Router Lifecycle

Full Lifecycle

When a router is injected into your application:

  1. Loaders are asked to supply the router

    routers are loaded by the component loaders.

    • The default loader is located (and can be overridden) at fw.components.entityLoader.

    • The default loader supplies the router based on what you have registered. If applicable, this is the phase where it requests any specified AMD modules from your AMD loader.

  2. The router is instantiated

  3. The router is bound to the view

    • Its afterRender callback will be triggered.
  4. The router is activated

    • Now the router is operating, and can remain on-screen for as long as needed.

    • The router will respond to changes on its currentState and currentRoute observables (see: router state and custom routing).

    • After all nested elements (components/routers/etc) are resolved then it has its afterResolve callback triggered.

  5. The router is torn down and is disposed of

    • Its onDispose callback will be triggered.

    • All computeds and subscriptions (anything with a dispose() method) attached to the router will be disposed.


A router will be disposed of (and thus freed from memory) in two different cases:

  • Explicitly when you issue a router.dispose() call directly.
  • Automatically when the element your router was bound to is removed from the DOM.

Memory management can become an issue in any long-running or persistent javascript application. This is most usually because javascript developers need to be more keenly aware of the lifecycle of their variables and when they need to be disposed of. The proper disposal of any handlers/etc ensures that the browsers garbage collection can free up its memory.

Certain properties such as any broadcastables / receivables, computed values, or any manual subscriptions you might have created need to be disposed of.

There are three primary ways of acheiving this:

Explicit disposal

Explicit disposal is done by calling dispose on the property/subscription you want disposed of and freed:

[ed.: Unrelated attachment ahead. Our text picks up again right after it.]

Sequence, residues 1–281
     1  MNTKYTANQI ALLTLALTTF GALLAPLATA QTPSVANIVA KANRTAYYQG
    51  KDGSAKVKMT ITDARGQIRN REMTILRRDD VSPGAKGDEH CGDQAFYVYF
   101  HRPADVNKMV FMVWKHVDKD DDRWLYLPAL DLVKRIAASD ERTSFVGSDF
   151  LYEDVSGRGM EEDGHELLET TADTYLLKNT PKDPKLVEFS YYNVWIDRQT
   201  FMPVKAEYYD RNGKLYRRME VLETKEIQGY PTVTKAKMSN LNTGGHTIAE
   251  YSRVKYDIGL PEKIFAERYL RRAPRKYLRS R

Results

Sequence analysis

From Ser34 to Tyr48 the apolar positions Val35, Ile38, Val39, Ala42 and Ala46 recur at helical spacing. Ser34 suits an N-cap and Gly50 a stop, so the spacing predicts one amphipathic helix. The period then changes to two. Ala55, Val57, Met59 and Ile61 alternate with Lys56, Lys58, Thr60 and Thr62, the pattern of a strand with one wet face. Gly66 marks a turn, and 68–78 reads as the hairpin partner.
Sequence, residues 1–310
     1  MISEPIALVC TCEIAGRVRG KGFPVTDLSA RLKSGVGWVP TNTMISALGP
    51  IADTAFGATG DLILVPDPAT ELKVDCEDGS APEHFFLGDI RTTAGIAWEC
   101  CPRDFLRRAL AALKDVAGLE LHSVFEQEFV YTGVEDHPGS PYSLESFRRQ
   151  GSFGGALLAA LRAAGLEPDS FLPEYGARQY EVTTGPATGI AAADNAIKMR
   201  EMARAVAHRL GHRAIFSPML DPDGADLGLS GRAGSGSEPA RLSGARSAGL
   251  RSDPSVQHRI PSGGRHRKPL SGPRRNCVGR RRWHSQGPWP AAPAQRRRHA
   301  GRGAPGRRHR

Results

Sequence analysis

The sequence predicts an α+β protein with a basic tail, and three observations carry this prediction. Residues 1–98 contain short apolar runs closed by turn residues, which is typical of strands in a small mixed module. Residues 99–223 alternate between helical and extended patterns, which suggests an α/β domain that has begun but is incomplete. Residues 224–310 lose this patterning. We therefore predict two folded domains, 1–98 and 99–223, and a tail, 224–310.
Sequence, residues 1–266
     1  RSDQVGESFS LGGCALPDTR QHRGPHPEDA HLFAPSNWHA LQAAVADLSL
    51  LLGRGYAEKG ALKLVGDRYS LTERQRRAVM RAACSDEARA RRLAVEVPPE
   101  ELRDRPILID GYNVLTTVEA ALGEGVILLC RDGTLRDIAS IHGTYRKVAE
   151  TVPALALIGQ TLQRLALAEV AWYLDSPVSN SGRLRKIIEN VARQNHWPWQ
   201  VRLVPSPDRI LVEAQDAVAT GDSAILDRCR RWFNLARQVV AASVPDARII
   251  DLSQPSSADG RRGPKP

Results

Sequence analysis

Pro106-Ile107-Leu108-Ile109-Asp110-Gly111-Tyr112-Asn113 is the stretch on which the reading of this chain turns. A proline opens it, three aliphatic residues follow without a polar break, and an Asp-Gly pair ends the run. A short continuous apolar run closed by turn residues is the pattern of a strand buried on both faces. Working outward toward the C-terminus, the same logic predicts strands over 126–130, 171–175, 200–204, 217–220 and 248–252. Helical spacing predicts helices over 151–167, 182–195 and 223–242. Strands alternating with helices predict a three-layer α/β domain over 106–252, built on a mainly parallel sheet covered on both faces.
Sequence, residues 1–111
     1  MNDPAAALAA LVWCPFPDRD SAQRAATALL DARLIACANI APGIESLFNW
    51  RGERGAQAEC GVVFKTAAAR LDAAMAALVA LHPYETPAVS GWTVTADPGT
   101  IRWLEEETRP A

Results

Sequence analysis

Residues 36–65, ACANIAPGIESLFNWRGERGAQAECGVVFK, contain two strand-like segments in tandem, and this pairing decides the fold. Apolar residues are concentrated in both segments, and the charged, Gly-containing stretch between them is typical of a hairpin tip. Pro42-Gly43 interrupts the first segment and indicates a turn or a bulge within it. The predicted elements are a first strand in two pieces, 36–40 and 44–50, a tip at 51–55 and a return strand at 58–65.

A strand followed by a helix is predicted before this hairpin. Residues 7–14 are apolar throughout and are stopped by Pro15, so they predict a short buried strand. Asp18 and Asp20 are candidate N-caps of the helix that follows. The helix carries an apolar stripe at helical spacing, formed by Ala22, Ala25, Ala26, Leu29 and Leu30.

var observable = fw.observable();
var mySubscription = observable.subscribe(function () { /* ... */ });
// ...
mySubscription.dispose(); // garbage collection can now clean this up

Automatic Disposal

Disposal is most easily achieved by ensuring these values are attached directly to the root of the instance. When the parent instance is disposed of Footwork will iterate over your router and dispose of any properties attached to it:

function Router () {
  var self = fw.router.boot(this);

  self.stateWatcher = self.currentState.subscribe(function(currentState) {
    console.log('currentState', currentState);

In the above example the stateWatcher (property needing disposal) will be disposed of automatically when the router instance is removed from the DOM (or disposed of explicitly, if not bound against the DOM).

Explicit Automatic Disposal

The easiest way to ensure disposal of properties is to simply attach them to the root of the instance. But what if you have some properties not attached to the instance?

You could track and dispose of them yourself when the parent router is disposed of, but that would be a lot of work. Instead we can tell Footwork to clean then up when the instance is disposed of by passing them to router.disposeWithInstance:

function Router () {
  var self = fw.router.boot(this);

  var stateWatcher = self.currentState.subscribe(function(currentState) {
    console.log('currentState', currentState);


By using disposeWithInstance you can pass your instance a subscription which it will then dispose of when the router is disposed. Note that you can also pass an array of subscriptions to disposeWithInstance as well:

var arrayOfSubscriptions = [
  propertyA.subscribe(function () { /* ... */ }),
  propertyB.subscribe(function () { /* ... */ }),
  propertyC.subscribe(function () { /* ... */ })